I’m pleased to announce that I’m working as an instructor for the new Adaptos training company, which is offering a different style of course from the normal intensive ones.
While intensive courses are good for getting started with a particular topic, they are weak in terms of information retention — how much do students remember a few weeks after the course? — and they often don’t allocate sufficient time to allow students to practise what they’ve learned. They can also result in information overload, particularly for less experienced students.
The Adaptos approach is based on a process of guided self-learning across several weeks. The students are provided with a roadmap of topics and a series of related exercises. It’s then up to the students to allocate time to work through the exercises and learn about the various topics through the supplied learning materials or through books, video courses, blog posts or any other source that they choose to use. The more time a student allocates to the training, the more that they learn. What’s even better is that they can learn at their own pace.
The biggest value of the course comes from the instructor, who reviews the work, offers feedback, and can help students understand particular topics that they may be struggling with. Students can also discuss the topics between themselves through Slack and a forum.
Adaptos are initially offering courses for Groovy and Grails, the first one starting on 15th February. If you’d be interested in other subjects or have any questions or feedback about this initiative, let me know in the comments.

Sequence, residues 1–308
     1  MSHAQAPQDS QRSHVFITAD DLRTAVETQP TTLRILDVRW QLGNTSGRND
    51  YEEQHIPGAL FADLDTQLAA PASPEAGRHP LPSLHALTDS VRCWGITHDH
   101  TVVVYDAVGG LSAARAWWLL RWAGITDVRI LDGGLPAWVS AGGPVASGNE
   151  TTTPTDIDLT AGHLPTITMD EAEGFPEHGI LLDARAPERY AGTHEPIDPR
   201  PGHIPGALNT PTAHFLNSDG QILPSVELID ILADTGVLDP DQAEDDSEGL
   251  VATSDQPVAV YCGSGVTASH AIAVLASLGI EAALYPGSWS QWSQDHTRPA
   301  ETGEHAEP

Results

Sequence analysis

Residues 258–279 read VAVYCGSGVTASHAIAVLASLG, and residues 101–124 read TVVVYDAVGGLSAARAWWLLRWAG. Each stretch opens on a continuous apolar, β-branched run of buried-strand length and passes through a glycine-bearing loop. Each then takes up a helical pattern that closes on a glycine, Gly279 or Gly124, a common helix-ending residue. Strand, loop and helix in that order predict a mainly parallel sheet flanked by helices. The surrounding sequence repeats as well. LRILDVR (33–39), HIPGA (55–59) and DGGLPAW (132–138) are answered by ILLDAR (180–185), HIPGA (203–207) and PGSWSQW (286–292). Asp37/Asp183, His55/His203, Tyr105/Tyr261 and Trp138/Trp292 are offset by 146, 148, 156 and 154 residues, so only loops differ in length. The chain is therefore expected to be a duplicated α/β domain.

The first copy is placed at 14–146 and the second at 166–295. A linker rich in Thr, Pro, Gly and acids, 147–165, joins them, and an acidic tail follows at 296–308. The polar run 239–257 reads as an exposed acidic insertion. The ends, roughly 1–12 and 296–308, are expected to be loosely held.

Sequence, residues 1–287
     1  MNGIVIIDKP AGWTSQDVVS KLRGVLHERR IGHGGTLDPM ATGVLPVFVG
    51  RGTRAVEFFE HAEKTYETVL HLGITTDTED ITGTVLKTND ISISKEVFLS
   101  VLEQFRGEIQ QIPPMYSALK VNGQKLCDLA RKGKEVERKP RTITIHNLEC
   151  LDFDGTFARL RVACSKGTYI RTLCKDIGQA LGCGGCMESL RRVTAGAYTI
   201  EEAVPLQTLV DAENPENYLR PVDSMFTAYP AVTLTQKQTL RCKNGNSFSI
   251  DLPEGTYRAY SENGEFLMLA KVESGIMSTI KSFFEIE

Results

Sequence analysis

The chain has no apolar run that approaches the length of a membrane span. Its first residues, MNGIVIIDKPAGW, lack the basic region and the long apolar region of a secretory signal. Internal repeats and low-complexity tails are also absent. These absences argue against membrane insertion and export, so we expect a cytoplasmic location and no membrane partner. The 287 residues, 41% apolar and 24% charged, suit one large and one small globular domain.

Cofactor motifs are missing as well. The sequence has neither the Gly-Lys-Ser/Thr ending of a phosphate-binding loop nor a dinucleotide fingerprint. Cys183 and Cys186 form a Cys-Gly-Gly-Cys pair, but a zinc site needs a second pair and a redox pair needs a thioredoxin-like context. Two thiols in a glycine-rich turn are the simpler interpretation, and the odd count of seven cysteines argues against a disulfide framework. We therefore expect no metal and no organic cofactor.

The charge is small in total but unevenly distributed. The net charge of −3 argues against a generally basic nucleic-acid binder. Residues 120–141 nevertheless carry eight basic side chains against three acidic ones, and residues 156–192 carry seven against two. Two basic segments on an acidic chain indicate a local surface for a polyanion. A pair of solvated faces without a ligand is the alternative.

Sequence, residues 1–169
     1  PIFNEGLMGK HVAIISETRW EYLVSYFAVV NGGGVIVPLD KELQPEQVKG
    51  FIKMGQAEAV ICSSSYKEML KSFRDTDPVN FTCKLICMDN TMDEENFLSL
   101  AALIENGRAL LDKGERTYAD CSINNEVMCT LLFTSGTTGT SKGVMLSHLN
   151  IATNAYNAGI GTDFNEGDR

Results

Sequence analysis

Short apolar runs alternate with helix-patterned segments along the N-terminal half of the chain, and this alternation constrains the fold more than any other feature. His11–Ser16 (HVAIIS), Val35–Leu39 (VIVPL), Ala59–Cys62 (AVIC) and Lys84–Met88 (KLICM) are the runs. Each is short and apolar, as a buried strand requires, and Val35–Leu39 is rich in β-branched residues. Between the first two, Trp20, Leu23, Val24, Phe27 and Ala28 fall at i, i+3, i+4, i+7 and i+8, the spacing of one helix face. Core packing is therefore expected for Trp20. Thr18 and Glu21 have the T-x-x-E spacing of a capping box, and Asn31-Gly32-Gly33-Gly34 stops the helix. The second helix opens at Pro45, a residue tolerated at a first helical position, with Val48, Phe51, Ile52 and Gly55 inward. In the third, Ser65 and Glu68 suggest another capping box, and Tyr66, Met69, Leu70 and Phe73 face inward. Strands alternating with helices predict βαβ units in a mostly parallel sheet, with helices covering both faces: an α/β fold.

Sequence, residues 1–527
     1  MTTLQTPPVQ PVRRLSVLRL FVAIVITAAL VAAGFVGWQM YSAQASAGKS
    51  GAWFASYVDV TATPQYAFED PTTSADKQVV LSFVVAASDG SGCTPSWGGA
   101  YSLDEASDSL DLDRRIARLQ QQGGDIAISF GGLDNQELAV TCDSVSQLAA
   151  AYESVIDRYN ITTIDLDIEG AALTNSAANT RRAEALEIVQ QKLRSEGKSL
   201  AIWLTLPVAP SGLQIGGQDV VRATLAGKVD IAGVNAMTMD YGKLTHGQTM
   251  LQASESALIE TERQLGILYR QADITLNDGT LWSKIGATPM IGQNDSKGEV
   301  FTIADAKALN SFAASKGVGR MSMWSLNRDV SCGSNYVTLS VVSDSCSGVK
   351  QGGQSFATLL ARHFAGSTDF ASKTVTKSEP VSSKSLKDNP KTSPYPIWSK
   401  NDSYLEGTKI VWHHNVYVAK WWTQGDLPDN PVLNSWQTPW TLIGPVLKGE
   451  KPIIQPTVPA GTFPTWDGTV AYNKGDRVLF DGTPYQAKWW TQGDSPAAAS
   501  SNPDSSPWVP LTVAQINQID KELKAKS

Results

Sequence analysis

We’ve now reached the time of year when I need to think about initiating the Groovy & Grails eXchange call for papers, so I thought I’d take this opportunity to both resurrect the talk submissions app I created a while back and try to upgrade it to Grails 3. Up until now, I hadn’t properly used Grails 3 for anything, so it seemed like a good opportunity to learn how it differs from previous versions.
Here’s what happened next…
After I’d finished the first edition of Grails in Action with my co-author Glen Smith, I told myself I’d never write another book. Then people asked whether a second edition would be forthcoming. “Hmmm”, I thought, “it can’t be that much work to do an update.” After a long period of time, we managed to finish that and I once again promised myself never to write another book, new editions included.
But it seems I’m a sucker for punishment. I’ve decided to have a go at a self-published introduction to Groovy as I feel this is a weak area at the moment. The idea is to give developers from other languages a smooth ramp-up to the language without crossing into the kind of depth that Groovy in Action has. The working title is Practical Groovy as I’m hoping to orient it towards learning through practical examples.
To aid in this endeavour, I’m making the early drafts of the book available publicly on GitHub so that people can provide feedback through GitHub issues. The first drafts of the first two chapters are currently available as both HTML and PDF (you’ll find the links in the GitHub project’s README). Later drafts will bring more structure.